The buzz this week, of course, is the announcement of the state’s planned classification of the Boreas Ponds. This news came roughly ten years after we learned that the state intended to purchase this tract for the Forest Preserve, and fifteen months after the Adirondack Park Agency kicked off its formal procedure to classify the land according to the guidelines of the State Land Master Plan.
My neck is still sore from the whiplash I experienced late last week when I first heard the news. It wasn’t the classification decision itself that did it, because my first reaction to the map was one of déjà vu, as I’ll explain in a moment. What caught me off guard was the sight of the various “watchdog” groups tripping over themselves to congratulate the state for its decision, and the press that praised Albany’s direct intervention in what should have been the APA’s independent deliberations.
The map released last week, dubbed “Alternative 2B,” speaks for itself. Nearly everything north of Gulf Brook Road will be added to the High Peaks Wilderness. The road and everything to the south will be added to the Vanderwhacker Mountain Wild Forest. The one exception will be a corridor leading to the Boreas Ponds dam, a spot-zoned inroad within the wilderness boundaries; this is intended to keep the state’s management options open.
The reaction to this map is something else entirely. In an editorial dated January 28, the Daily Gazette of Schenectady described this as “good governing in action” and added that “all parties involved — the various interest groups that contributed information and perspective, citizens who enjoy the Adirondack Park and who care about its future, and representatives from the Adirondack Park Agency, the state Department of Environmental Conservation and Gov. Andrew Cuomo’s office — deserve praise for how they arrived at the decision.” And here on the Almanack, Willie Janeway of the Adirondack Council described the outcome as a “compromise” that “respects public opinion.”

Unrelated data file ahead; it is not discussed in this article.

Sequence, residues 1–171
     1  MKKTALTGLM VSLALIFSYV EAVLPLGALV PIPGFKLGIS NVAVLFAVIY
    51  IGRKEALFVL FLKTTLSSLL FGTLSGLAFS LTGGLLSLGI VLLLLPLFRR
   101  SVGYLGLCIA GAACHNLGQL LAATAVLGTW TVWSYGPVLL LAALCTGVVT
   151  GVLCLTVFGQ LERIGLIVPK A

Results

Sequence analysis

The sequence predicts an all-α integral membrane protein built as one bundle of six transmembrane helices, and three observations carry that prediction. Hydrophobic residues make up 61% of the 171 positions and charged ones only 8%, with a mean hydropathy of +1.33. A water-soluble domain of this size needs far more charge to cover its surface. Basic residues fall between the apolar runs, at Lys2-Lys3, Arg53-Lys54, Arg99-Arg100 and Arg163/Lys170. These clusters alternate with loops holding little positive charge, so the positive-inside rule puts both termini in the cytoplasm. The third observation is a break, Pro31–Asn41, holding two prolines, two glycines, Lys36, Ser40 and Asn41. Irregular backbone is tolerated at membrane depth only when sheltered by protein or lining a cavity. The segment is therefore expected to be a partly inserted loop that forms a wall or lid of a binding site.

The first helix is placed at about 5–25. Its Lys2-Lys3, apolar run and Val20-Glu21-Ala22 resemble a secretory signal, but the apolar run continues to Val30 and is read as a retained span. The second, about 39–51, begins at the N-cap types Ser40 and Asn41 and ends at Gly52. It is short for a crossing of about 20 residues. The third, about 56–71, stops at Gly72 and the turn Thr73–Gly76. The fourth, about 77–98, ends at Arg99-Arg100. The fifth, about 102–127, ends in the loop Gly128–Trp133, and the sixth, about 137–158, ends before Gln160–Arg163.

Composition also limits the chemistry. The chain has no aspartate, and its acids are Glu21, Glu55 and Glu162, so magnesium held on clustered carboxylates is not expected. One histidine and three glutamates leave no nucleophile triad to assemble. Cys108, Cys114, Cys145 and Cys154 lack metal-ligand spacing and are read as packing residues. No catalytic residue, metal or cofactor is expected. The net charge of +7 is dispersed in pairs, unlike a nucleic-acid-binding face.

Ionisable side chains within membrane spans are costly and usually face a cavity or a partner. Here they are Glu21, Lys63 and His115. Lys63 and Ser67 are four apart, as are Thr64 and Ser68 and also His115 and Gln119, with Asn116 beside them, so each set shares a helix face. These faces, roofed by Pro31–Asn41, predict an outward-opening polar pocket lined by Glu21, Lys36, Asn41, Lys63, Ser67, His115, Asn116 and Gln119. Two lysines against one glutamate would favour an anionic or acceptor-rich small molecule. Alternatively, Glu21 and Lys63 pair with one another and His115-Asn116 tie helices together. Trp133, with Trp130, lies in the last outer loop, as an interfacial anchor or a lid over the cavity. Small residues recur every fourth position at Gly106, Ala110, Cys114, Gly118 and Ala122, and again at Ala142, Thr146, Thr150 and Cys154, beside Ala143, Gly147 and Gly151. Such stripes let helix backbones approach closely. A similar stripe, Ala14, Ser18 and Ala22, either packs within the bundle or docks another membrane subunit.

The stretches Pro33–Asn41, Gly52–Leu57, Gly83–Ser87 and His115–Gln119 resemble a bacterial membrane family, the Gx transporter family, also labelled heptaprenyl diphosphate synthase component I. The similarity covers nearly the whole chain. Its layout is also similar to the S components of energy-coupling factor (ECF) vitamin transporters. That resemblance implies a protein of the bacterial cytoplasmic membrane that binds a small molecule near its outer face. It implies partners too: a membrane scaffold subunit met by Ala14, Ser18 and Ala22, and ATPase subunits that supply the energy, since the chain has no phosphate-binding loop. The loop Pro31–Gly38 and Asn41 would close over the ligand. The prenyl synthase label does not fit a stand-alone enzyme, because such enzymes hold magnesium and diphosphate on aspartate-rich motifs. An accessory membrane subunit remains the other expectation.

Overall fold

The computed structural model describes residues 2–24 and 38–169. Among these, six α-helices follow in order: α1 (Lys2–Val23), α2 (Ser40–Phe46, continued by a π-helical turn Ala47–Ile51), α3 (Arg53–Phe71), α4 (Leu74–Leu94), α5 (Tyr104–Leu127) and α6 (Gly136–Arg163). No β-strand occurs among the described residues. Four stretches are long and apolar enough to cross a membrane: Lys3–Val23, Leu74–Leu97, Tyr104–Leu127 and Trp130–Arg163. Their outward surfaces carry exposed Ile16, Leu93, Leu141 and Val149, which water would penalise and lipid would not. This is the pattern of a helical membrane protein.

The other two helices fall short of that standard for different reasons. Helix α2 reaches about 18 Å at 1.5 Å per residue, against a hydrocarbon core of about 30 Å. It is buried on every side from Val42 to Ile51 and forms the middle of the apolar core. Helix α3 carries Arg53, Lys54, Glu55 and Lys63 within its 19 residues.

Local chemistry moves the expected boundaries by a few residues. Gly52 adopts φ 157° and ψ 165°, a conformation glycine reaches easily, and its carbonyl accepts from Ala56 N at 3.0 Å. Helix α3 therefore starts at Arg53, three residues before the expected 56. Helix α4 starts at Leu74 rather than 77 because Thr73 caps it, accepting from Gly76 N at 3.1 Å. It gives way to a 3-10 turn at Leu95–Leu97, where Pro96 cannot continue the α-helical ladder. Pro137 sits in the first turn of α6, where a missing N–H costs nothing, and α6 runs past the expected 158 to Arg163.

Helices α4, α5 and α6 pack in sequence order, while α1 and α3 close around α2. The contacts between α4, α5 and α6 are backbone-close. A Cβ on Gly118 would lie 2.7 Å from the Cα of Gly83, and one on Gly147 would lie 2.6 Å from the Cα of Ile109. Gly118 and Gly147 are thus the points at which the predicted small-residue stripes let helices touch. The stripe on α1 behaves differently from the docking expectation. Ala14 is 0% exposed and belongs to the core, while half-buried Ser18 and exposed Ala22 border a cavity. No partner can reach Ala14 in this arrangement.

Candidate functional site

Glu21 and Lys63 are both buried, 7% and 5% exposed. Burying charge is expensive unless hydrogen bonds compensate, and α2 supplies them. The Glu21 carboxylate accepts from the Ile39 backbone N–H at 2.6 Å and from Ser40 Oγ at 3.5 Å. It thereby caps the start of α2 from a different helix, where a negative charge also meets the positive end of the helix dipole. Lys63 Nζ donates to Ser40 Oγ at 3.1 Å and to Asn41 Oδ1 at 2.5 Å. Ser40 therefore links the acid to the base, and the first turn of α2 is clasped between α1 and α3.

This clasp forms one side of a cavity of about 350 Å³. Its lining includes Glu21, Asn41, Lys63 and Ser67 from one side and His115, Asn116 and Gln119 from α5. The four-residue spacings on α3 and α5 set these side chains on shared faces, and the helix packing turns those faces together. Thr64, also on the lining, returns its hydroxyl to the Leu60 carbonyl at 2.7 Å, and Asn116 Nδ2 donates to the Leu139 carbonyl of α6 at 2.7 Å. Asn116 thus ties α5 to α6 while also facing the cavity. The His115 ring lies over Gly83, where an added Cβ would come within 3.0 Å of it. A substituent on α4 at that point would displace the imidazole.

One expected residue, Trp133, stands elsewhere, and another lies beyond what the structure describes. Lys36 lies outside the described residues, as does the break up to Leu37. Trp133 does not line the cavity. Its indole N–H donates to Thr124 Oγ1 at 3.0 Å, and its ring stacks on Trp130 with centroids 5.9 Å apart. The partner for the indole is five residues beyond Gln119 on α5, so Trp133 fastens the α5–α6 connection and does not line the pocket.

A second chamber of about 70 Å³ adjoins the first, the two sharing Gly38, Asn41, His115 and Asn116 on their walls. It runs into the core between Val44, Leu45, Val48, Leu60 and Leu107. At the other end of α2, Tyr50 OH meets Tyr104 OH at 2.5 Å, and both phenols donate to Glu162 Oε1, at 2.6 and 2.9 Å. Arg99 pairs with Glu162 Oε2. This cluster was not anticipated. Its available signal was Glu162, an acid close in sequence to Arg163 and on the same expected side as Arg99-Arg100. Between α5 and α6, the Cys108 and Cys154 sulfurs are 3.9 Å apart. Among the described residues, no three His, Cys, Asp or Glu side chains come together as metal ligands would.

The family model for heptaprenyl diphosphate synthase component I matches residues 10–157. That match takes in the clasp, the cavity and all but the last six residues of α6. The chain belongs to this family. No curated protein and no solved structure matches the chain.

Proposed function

People are entitled to their opinions, but the narrative as I see it is much different, pointing not to good governance, respect of the public process, and a compromise achieved through mutual participation. The evidence that I see points to a broken system in which decisions are issued virtually by decree, with a public that is powerless to do anything about it.
When the APA was created by law in 1971, the state legislature granted it the primary authority to classify the Forest Preserve based on each area’s intrinsic characteristics. Whatever the APA proposed was first reviewed by the public, modified accordingly before being voted upon by the board, and then submitted to the governor for final approval.
That is the classification process as it was intended. DEC does have the ability to make recommendations to the APA, but ultimately the decision rests with the agency — and it’s DEC’s responsibility to abide by that decision.
Nominally, something like this has just occurred with the Boreas Ponds action. After all, it was the agency that issued the alternative maps, conducted the hearings, and accepted the public comments, and it will be the agency’s board that votes on the preferred alternative at the end of the week. But it has been a widely known secret all along that those map options were prepared on the APA’s behalf by the Cuomo administration in Albany, and that the preferred alternative has come from the same source. The agency’s involvement has been mostly a formality, the bureaucratic equivalent of a notary public.
So to refresh everyone’s memory, here is what really just happened in regards to Boreas Ponds:
In 2013, the Department of Environmental Conservation issued a set of “Conceptual Access and Recreation Strategy” maps for the largest pieces of the newly acquired Finch Pruyn lands, including the Essex Chain and to the two MacIntyre tracts flanking Tahawus. One of these maps focused on DEC’s plans for Boreas Ponds, which at the time was still owned by The Nature Conservancy; it would be another three years before the state took title to Boreas.
Phil Brown reported on these maps here on the Almanack in March of 2013. The Boreas Ponds map, I can’t help but notice, is nearly identical to today’s Alternative 2B. “DEC would split the parcel more or less evenly between Wild Forest and Wilderness,” Brown wrote at the time. “The ponds themselves, with their spectacular views, would be added to the High Peaks Wilderness. DEC wants to keep open about five miles of [Gulf Brook Road], as far as LeBiere Flow. From there, canoeists could paddle and portage to Boreas Ponds, while hikers could walk on the closed stretch of road to reach the ponds. The road would be used by snowmobilers in the winter.”